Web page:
This is only a short piece of that method, and component / field names have been modified to anonimize the code. But this is code I see on a daily basis. The use of the With statement here is done to remove some repetitive object references. Otherwise the code would look like this :

procedure TfrmTest.RefreshData();
begin
  // Adding Info data for this Order ID
  dtmTest.cdsInfo.EmptyDataSet;
  dtmTest.cdsInfo.DisableControls;

  try
    dtmTest.qryList.Close();
    dtmTest.qryList.Parameters.ParamByName('id').Value := _i_Current_Id;
    dtmTest.qryList.Open();
    dtmTest.qryList.First();
    while not dtmTest.qryList.eof do 
    begin
      dtmTest.cdsInfo.Insert;
      dtmTest.cdsInfo.FieldByName('id').AsInteger := dtmTest.qryList.FieldByName('id').AsInteger;
      dtmTest.cdsInfo.FieldByName('Reference').AsInteger := dtmTest.qryList.FieldByName('Reference').AsInteger;
      dtmTest.cdsInfo.FieldByName('Qty').AsInteger := dtmTest.qryList.FieldByName('Qty').AsInteger;
      dtmTest.cdsInfo.FieldByName('Desc').AsString := dtmTest.qryList.FieldByName('Desc').AsString;
      dtmTest.cdsInfo.FieldByName('WeightBrut').AsFloat := dtmTest.qryList.FieldByName('WeightBrut').AsFloat;
      dtmTest.cdsInfo.FieldByName('WeightNet').AsFloat := dtmTest.qryList.FieldByName('WeightNet').AsFloat;
      dtmTest.cdsInfo.FieldByName('Height').AsFloat := dtmTest.qryList.FieldByName('Height').AsFloat;
      dtmTest.cdsInfo.FieldByName('Length').AsFloat := dtmTest.qryList.FieldByName('Length').AsFloat;
      dtmTest.cdsInfo.FieldByName('Widht').AsFloat := dtmTest.qryList.FieldByName('Widht').AsFloat;
      dtmTest.cdsInfo.FieldByName('Color').AsString := dtmTest.qryList.FieldByName('Color').AsString;
      dtmTest.cdsInfo.FieldByName('PackageType').AsString := dtmTest.qryList.FieldByName('PackageType').AsString;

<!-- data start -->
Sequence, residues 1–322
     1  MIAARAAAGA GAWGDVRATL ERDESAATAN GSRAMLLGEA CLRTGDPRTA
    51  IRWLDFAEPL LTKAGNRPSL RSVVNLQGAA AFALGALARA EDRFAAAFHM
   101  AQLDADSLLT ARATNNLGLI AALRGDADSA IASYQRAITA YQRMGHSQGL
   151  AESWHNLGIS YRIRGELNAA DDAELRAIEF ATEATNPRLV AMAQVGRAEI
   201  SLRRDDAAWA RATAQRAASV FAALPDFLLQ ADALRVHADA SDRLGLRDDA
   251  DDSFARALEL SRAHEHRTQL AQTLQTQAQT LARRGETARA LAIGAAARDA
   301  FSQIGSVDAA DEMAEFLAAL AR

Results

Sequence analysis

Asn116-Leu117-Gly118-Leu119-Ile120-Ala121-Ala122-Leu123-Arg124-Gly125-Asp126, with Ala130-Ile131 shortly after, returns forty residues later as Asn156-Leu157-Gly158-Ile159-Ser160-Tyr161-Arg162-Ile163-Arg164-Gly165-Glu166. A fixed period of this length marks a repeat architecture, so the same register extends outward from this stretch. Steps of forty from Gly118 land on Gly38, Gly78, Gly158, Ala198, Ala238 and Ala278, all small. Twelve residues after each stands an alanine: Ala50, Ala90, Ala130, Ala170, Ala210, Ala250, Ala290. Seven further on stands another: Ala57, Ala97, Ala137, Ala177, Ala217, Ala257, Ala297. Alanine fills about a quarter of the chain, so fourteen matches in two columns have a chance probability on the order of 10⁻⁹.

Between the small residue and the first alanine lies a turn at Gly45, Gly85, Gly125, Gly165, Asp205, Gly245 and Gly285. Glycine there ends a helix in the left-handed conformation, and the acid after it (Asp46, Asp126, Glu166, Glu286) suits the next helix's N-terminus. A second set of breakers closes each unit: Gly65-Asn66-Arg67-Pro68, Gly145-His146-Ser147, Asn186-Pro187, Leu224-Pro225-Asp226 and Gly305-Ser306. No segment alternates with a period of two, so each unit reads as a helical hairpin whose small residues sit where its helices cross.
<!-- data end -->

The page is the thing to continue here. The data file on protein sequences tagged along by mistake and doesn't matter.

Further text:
dtmTest.cdsInfo.FieldByName('Fragile').AsBoolean := dtmTest.qryList.FieldByName('Fragile').AsBoolean;
      dtmTest.cdsInfo.Post;
      dtmTest.qryList.Next;
    end;

    dtmTest.cdsInfo.IndexFieldNames := 'id';
    dtmTest.cdsInfo.First;
  finally
    dtmTest.cdsInfo.EnableControls;
  end;
end;

So yes … the use of the With statement removed all the repetetive references to the dtmTest datamodule and the QryList query on that datamodule.

Did it make the code more readable or easier to debug ? In my humble opinion … not at all. Did it camouflage bad code or bad coding principles ? YES !!

Let me give a simple abstract analogy which might look stupd at first glance, but it will help explain what I mean with camouflaging bad code … What if the code / logic was the process of preparing a meal or something similar, then the code above could look something like this :

procedure Customer.OrderSteakFrietInRestaurant();
begin
  Kitchen.CleanUp;
  Kitchen.TakePicture;

  try
    Kitchen.TakePanAndFrier; 
    Kitchen.Recipebook.Open;
	Kitchen.Recipebook.FindRecipe('Steak Friet');
	Kitchen.RecipeBook.Ingredients.First;
	
	while not Kitchen.RecipeBook.Ingredients.IsLastIngredient do
	begin
	  Kitchen.RecipeBook.Ingredients.Ingredient.TakePackage;
	  if ( Kitchen.RecipeBook.Ingredients.Ingredient.BelgianFries ) then /// Yes BELGIAN FRIES :-)
	  begin
	    Kitchen.RecipeBook.Ingredients.Ingredient.PutInFrier;